The substituents or the groups C1-6alkyl, C3-6cycloalkyl, C3-12cycloalkylC1-5alkyl, C6-14aryl, C6-14aryloxy, C6-10arylC1-4alkyl, heteroaryl, heteroaryloxy etc. . . . of the variables R1, R2, R3, R4, R10 and R11 are also optionally further substituted by substituents selected from the group consisting of amino, halo, cyano, nitro, hydroxy, —SH, —SC1-6alkyl, —C(O)NH2, —C(S)NH2, haloC1-6alkyl, perhaloC1-6alkyl, C1-6alkyl, C3-6cycloalkyl, C3-12cycloalkyl, C6-14aryl and heteroaryl. In certain variations, the substituents are amino and hydroxy.

In certain aspect of the present application, the heteroaryl substituent is a 4-substituted-1H-1,2-3-triazol-1-yl. In the radiolabeled compounds of the present application, a radionuclide may be attached to an aryl group of the compound of Formula 1, or a 2-(18F-fluoroethyl)-, 2-(18F-fluoromethyl)-, a 11C-methoxy-group that is attached to a compound of Formula 1, for example, and/or the radionuclide may be attached to any one or more of the variables R1, R2, R3, R4, R10 and R11 by way of a 18F-fluoroethyl-group, a 18F-fluoromethyl-group, a 11C-methoxy-group, 4-[(18F-fluoroethyl)-1H-1,2-3-triazol-1-yl]-ethoxy-group, 4-[(18F-fluoroethyl)-1H-1,2-3-triazol-1-yl]-propyloxy-group, a 123I, a 124I, a 125I or a 131I group, and the like. Unless otherwise noted, a compound represented as being substituted by an atom, such as the generic representation by the atom fluorine in F—CH2CH2— or F—CH2CH2O— as attached to a compound of the Formula 1, for example, is intended to cover both the naturally occurring element 19F (fluorine-19) as well as the 18F (fluorine-18) isotope(s) of the element itself.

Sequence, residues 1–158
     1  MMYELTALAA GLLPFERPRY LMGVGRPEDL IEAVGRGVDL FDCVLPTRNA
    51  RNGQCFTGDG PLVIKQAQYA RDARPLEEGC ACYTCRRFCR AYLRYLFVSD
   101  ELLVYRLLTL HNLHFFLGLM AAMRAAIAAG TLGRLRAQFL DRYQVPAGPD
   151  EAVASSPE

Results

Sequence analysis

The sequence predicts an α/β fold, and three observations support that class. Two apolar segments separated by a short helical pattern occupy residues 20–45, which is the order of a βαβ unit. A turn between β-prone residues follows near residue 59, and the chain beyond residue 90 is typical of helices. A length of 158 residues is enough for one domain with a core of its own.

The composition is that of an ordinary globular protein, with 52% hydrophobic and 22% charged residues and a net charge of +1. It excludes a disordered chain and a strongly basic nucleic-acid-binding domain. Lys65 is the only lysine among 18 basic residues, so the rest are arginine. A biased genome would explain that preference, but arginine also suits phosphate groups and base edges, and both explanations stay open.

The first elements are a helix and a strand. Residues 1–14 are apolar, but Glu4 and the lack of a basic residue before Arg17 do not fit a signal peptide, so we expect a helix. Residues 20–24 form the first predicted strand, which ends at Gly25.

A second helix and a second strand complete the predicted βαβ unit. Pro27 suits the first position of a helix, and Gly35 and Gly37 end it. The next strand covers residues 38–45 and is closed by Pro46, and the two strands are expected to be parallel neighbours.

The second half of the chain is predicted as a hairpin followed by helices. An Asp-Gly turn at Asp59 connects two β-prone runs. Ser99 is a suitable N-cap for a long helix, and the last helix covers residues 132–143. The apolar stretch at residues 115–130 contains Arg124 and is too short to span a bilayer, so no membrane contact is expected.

The term “optionally substituted” or “substituted” refers to the specific substituents or groups, such as an alkyl, alkylenyl, cycloalkyl, cycloalkylenyl, aryl, arylenyl, heteroaryl, heteroarylenyl, etc. . . . wherein one to four hydrogen atoms in the group may be replaced by one to four substituents, for example, independently selected from the substituents amino, halo, cyano, nitro, hydroxy, —SH, —SC1-6alkyl, —OC1-6alkyl such as methoxy, ethoxy, isopropoxy, etc. . . . , —C(O)NH2, —C(S)NH2, haloC1-6alkyl, perhaloC1-6alkyl, C1-6alkyl, C3-6cycloalkyl, C3-12cycloalkyl, C6-14aryl and heteroaryl, or as specifically disclosed herein. In addition, the substituents may also include alkyl, aryl, alkylene-aryl, hydroxy, alkoxy, aryloxy, perhaloalkoxy, heterocyclyl, azido, amino, guanidino, amidino, halo, alkylthio, oxo, acylalkyl, carboxy esters, carboxyl, carboxamido, acyloxy, aminoalkyl, alkylaminoaryl, alkylaminoalkyl, alkoxyaryl, arylamino, phosphono, sulfonyl, carboxamidoaryl, hydroxyalkyl, haloalkyl, alkoxyalkyl and perhaloalkyl. In addition, in certain aspect of the present application, the term “optionally substituted” or “substituted” in reference to the variables R1, R2, R3, R4, R10 and R11, includes groups substituted by one to four substituents, as identified above, that further comprise a positron or gamma emitter. Such positron emitters include, but are not limited to, 11C, 13N, 15O, 18F, 123I, 124I, 125I, 131I and 77Br.